Doctor Who Falsely Claimed COVID Vaccines Make You Magnetic Has Medical License Restored

Doctor Who Falsely Claimed COVID Vaccines Make You Magnetic Has Medical License Restored

After losing her medical license following a series of false claims about COVID-19 vaccines – amongst other bizarre comments – during testimony to state lawmakers, Ohio physician Sherri Tenpenny has reportedly had her license reinstated.

Cast your mind back to June 2021. Conspiracy theories about COVID-19 vaccines were no longer limited to the internet – they’d made their way into state legislature hearings over bills to ban vaccine mandates.

In one such hearing, anti-vaccine activist Dr Sherri Tenpenny – who had previously been dubbed one of the “Disinformation Dozen” by the Center for Countering Digital Hate – testified to the Ohio House Health Committee and proceeded to make a number of unsupported claims about some pretty wild supposed side effects.

“I’m sure you’ve seen the pictures all over the Internet of people who have had these shots and now they’re magnetized,” said Tenpenny during her testimony. “You can put a key on their forehead—it sticks. They can put spoons and forks all over them and they can stick because now we think there is a metal piece to that.”

That claim is false – vaccines cannot make you magnetic. They don’t even contain the ingredients that could generate an electromagnetic field. Apologies if you were hoping to become the next Magneto.

Tenpenny also alleged that COVID vaccines created an “interface” with 5G cell towers – after all, if you’re going to make some wild claims, you might as well add a sprinkle of one of the most classic conspiracy theories in the book.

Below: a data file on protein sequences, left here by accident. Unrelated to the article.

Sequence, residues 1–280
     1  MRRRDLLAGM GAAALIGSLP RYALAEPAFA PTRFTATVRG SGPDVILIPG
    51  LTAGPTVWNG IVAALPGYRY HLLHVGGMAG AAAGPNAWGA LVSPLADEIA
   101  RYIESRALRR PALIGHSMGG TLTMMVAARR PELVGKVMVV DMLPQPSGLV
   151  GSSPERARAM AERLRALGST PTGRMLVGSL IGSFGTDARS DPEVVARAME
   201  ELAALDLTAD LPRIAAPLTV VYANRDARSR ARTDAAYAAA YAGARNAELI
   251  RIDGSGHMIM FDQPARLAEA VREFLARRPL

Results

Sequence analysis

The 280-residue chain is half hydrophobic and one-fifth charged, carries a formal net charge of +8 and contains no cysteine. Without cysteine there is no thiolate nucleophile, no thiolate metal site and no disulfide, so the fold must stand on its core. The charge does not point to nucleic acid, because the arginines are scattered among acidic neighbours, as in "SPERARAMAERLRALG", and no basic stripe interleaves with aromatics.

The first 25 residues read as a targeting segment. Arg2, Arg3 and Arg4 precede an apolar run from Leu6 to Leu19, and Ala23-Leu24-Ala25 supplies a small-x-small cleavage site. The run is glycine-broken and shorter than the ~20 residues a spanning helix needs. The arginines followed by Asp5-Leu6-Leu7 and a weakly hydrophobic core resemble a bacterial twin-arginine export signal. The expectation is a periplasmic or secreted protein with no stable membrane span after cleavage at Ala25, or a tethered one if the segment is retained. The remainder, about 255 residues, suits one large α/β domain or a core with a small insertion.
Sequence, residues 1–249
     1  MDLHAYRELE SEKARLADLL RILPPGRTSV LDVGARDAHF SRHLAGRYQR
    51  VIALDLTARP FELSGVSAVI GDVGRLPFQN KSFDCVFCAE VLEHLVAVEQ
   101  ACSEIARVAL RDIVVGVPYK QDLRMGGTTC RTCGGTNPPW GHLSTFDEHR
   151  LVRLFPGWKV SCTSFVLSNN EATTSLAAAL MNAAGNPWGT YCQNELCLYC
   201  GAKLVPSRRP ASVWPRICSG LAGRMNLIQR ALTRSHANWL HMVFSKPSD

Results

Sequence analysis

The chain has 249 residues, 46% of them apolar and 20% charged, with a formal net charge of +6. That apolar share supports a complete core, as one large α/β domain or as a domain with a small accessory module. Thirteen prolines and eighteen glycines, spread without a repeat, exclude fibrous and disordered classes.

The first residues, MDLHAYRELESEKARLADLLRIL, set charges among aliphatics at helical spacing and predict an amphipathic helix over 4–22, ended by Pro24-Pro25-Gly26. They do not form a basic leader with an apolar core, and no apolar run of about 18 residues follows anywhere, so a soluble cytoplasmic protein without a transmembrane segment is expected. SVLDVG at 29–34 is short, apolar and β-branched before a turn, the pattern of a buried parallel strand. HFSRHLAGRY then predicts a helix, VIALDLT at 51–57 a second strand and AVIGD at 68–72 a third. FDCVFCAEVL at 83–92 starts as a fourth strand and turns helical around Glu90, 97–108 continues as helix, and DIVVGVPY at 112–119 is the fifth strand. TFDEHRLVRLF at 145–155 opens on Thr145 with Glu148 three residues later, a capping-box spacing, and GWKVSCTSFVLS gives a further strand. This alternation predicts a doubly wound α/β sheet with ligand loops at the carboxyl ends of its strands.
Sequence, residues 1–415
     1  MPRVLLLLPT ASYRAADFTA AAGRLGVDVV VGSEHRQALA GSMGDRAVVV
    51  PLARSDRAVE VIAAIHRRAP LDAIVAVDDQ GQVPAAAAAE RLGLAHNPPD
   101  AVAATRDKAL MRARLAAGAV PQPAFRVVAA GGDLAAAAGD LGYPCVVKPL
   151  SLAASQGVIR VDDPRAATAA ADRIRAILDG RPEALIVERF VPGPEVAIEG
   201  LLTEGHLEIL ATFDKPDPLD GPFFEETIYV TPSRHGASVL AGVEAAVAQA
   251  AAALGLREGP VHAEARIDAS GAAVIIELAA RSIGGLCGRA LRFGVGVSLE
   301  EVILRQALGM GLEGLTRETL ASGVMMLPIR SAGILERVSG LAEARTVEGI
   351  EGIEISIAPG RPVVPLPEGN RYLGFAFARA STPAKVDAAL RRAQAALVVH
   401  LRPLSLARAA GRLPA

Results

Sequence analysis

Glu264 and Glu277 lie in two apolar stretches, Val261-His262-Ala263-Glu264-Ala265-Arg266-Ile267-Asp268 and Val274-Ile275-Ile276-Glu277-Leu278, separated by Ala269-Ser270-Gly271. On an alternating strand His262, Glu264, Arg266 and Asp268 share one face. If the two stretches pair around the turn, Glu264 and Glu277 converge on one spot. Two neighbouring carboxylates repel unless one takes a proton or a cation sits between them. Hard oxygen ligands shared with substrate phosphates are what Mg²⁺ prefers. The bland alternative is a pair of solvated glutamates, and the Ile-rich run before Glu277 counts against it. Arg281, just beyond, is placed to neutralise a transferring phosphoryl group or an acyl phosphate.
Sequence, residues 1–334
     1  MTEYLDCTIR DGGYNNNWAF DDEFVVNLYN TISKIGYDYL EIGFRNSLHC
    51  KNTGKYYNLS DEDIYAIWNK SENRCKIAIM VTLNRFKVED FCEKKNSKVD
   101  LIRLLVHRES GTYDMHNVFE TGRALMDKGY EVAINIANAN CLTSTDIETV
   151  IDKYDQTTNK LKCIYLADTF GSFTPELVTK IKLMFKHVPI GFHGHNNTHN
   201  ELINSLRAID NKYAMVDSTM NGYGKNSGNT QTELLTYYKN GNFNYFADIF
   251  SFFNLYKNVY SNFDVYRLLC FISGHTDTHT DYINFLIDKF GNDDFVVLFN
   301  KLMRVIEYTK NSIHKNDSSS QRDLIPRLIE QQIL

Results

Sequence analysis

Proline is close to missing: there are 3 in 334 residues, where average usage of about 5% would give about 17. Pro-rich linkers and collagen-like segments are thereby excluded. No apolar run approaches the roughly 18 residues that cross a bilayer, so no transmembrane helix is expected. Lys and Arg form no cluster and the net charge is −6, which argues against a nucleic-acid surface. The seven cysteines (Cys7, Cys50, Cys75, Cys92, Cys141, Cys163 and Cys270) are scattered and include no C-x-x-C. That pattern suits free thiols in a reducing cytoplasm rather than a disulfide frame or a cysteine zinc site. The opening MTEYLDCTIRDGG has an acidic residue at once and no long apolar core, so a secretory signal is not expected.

In addition to her statements about the vaccines, the physician made comments about “some major metropolitan areas liquifying dead bodies and pouring them into the water supply.”

Not only did the testimony go viral, but the state medical board also received 350 complaints. Tenpenny failed to cooperate with the resulting investigation and as a result, her medical license was suspended, alongside receiving a $3,000 fine.

“Dr. Tenpenny, neither you nor any doctor licensed by this board is above the law, and you must comply with the investigation,” said board member Dr. Jonathan Feibel at the time, reports. “You have not done so, and therefore, until you do, your license will be suspended.”

However, that suspension has now been lifted, as can be seen in official records of professional licensure and as reported by Tenpenny herself, saying she was “thrilled to share” the news. A spokesperson for the medical board told the Statehouse News Bureau that Tenpenny had paid her fine and cooperated with investigations, and the board consequently voted to reinstate her license.

Conspiracy theories about COVID-19 haven’t just been limited to vaccines. In the 4 years since it was declared a pandemic, all sorts of bizarre claims have been floated, from those alleging Bill Gates was to blame to suggestions that drinking cow urine could prevent infection. 

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